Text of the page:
Buying is more complicated. Call and get the VIN and info about who maintained the car (then call that shop) and when it last passed safety and emissions inspection. Ask if they own the car and the title is in their own name; write them off if not. Google the VIN and key phrases in the description: you may find a different add with a lower price, or discover that the car was sold recently and is being resold. For Virginia, I can tell if the letter sequence on the license plate is consistent with the year of the car or the story. I pretty much only shop for one-owner cars being sold by people who don’t want to be low-balled on their trade in. These people recognize me as a kindred spirit so we have something to go on. For a newish car I prefer dealer-maintained cars with transferable factory-extended warranties from new.

      I also hunt for and have sold several collector-type cars. In these cases I like to do both a craigslist ad and post a link to the ad to a relevant marque forum. With these buyers and sellers it’s usually easy to develop a common understanding as fans and things go smoothly. I shy away from sellers who do not have an enthusiast understanding of the car unless they have owned the car for a very long time or it has a family history. A strong negotiating point with these cars is often simply the ability to close the deal quickly.

  • avatar
    mankyman

    That’s why I flag the hell out of the obvious ripoffs/scams. I know the only people who would make contact with the “seller” must be fools but I don’t want to make it easy for scam artists.
    I mean, seriously, can’t they make it a little less obvious?

  • avatar
    Easton

    As a criminal lawyer, I can attest that, yes, criminals really can be that stupid.

  • avatar
    cargogh

    This sounds like something my ex-sister-in-law, Satan, would do.

  • avatar
    Littlecarrot

    Forgive my ignorance, but can someone explain to me the whole purpose behind some of the Craigslist scams? I see them all the time, selling nice vehicles for an unreasonably low price. The contact info always seems vague. Are they just trying to get access to your email or personal information? Or, are they trying some kind of bait and switch?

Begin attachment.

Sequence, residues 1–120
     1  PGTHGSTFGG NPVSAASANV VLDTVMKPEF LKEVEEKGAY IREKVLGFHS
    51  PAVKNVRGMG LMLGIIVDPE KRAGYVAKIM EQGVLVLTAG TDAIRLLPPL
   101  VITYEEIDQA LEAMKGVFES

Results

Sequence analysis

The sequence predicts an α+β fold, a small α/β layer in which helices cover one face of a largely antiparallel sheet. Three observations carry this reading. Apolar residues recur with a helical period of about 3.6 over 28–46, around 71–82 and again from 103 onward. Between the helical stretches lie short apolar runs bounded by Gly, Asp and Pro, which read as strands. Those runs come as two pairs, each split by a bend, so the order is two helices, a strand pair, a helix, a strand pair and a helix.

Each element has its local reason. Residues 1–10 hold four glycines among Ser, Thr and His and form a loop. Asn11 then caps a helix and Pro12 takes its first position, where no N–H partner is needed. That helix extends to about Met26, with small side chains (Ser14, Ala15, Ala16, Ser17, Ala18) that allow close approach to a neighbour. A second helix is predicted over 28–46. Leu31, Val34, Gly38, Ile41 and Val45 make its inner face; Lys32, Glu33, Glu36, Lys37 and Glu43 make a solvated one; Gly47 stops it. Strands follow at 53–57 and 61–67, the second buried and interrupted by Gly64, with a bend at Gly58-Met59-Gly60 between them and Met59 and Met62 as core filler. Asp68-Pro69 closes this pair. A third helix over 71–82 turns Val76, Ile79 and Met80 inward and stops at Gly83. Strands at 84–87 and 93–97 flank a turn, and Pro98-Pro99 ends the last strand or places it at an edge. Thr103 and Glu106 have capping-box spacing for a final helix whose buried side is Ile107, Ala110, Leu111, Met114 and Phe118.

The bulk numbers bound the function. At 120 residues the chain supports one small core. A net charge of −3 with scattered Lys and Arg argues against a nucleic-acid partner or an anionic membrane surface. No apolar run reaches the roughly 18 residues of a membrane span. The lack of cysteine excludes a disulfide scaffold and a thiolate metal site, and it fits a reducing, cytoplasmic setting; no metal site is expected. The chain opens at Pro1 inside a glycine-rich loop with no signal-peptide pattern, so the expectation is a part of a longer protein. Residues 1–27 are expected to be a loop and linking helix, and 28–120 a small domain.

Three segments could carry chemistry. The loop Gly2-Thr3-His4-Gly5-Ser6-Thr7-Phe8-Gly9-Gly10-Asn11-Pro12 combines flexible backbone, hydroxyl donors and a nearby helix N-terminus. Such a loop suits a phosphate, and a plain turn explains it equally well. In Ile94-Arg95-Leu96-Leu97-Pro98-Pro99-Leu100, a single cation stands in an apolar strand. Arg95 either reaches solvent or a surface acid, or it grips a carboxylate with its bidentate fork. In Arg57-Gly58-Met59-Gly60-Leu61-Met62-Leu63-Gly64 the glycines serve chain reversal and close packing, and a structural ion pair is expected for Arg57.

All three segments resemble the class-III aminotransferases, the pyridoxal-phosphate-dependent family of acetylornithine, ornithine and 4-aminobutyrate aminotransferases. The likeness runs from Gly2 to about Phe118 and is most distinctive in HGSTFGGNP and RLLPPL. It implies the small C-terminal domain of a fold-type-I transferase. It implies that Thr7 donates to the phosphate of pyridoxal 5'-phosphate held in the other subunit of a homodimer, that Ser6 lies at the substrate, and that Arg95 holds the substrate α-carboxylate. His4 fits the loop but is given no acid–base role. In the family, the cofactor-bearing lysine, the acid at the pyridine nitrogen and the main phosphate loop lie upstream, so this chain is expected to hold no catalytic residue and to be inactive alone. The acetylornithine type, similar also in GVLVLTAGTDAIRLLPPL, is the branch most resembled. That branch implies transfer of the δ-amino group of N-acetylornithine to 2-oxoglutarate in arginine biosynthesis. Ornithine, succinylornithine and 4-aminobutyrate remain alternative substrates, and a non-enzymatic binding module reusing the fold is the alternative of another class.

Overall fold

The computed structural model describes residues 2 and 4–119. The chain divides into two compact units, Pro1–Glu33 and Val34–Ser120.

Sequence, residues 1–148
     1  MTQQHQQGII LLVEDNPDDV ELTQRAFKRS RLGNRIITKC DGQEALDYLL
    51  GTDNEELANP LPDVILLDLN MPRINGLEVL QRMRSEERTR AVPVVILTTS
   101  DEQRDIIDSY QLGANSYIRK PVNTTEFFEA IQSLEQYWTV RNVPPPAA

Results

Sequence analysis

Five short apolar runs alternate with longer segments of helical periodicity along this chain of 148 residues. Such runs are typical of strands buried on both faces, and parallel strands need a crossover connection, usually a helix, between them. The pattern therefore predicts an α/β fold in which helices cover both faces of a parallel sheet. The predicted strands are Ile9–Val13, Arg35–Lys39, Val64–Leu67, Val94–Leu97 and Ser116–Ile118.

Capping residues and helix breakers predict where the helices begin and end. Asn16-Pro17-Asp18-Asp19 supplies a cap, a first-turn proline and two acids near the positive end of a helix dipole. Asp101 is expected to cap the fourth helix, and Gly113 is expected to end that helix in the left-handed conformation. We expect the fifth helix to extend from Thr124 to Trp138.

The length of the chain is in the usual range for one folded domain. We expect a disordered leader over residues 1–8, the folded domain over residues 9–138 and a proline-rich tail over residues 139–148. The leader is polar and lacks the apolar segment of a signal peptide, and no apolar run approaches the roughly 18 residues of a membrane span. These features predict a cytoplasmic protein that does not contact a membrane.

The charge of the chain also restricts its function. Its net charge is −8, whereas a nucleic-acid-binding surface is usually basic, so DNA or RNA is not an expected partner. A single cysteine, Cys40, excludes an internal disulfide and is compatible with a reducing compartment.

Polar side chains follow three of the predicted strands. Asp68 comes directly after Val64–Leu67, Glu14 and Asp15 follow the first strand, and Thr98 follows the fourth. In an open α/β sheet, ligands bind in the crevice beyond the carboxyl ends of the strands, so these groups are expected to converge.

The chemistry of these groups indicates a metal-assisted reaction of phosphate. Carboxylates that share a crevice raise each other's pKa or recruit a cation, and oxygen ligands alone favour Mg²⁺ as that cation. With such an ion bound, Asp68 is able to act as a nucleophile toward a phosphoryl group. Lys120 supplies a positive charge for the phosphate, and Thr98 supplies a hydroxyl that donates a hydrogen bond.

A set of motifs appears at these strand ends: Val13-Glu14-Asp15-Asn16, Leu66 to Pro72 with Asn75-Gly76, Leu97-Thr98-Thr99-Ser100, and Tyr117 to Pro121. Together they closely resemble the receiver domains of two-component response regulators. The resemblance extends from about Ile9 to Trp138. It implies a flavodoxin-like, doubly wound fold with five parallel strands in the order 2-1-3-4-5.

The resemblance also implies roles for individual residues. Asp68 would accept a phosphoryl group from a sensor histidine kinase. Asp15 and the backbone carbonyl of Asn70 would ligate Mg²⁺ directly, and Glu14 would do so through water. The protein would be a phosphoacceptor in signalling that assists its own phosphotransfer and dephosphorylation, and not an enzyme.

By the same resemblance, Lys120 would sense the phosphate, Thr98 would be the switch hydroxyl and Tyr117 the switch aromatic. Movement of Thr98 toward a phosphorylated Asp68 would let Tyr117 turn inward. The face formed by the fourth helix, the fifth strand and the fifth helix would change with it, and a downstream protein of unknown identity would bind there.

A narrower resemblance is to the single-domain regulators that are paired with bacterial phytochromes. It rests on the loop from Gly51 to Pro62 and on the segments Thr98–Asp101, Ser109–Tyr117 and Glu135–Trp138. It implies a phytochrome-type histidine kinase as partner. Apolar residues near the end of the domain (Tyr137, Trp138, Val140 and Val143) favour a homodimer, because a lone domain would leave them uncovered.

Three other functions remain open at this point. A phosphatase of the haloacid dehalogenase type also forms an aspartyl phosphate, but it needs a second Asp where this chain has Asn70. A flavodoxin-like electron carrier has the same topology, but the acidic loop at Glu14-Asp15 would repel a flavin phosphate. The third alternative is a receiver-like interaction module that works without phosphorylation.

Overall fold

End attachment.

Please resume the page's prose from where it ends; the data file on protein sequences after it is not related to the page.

• 0 avatar
      econobiker

      Littlecarrot:

      Two items happen:
      1. Selling scams: They want you to send entire purchase price via Western Union which then can be picked up any where Western Union has an office so scammer in West Africa can get almost a years wage from one stupid American trying to buy a $3800 Honda Accord.

      2. Buying scams: They will send you fake check (possibly written on a legitimate company’s info) for more than your vehicles sales amount “for our agent to use for shipping costs”, have you deposit fake check into your account, and then request you to send the overage back to them via Western Union. The banks take a couple days to figure out that the check is fake and then you are stuck with the loss of money which you sent to scammers.

      http://www.nclnet.org/personal-finance/64-fraud/399-avoiding-online-car-buying-scams

      When selling anything on craigslist I always specify that I will ship offshore after the check clears plus two weeks and/or that I accept foreign buyers who send international money orders in US dollars only. An international money order is a real item, it has to be issued by a real bank institution, and it is usually much more difficult to fake the document versus printing a fake check.

      Any time you have a scam question use google to describe the transaction (“online car buying” “foreign lottery notification” etc) and then add “scam” to the search terms to find links to explanation websites. Other websites such as US government and states attorney generals and state Better Business Bureaus typically have scam alert pages too which can teach you about these.

      • 0 avatar
        redav

        I ran into one where a scammer posed as a recent devorcee who got posession of her ex’s car and just wanted to be rid of it. They claimed to be selling the car through a small business program serviced through Amazon. The claim was that you send the money to Amazon, they process it and insure the purchase.

        Of course, it was fake. The payment info didn’t pass the smell test, and when asked, Amazon denied offering such a service.

  • avatar
    redav

    On a totally unrelated note, the concept of buy one, get one free raises an interesting question about LeMons. A few years ago, Hyundai had a buy a car, get an Accent for $1. Could someone enter that brand new Accent in LeMons because it very officially cost (and thus is worth?) less than $500?

  • avatar
    Littlecarrot

    Thanks for the info. Makes sense now. I’m tired of seeing these ads on Craigslist. i’m also tired of dealers not listing their price or mileage.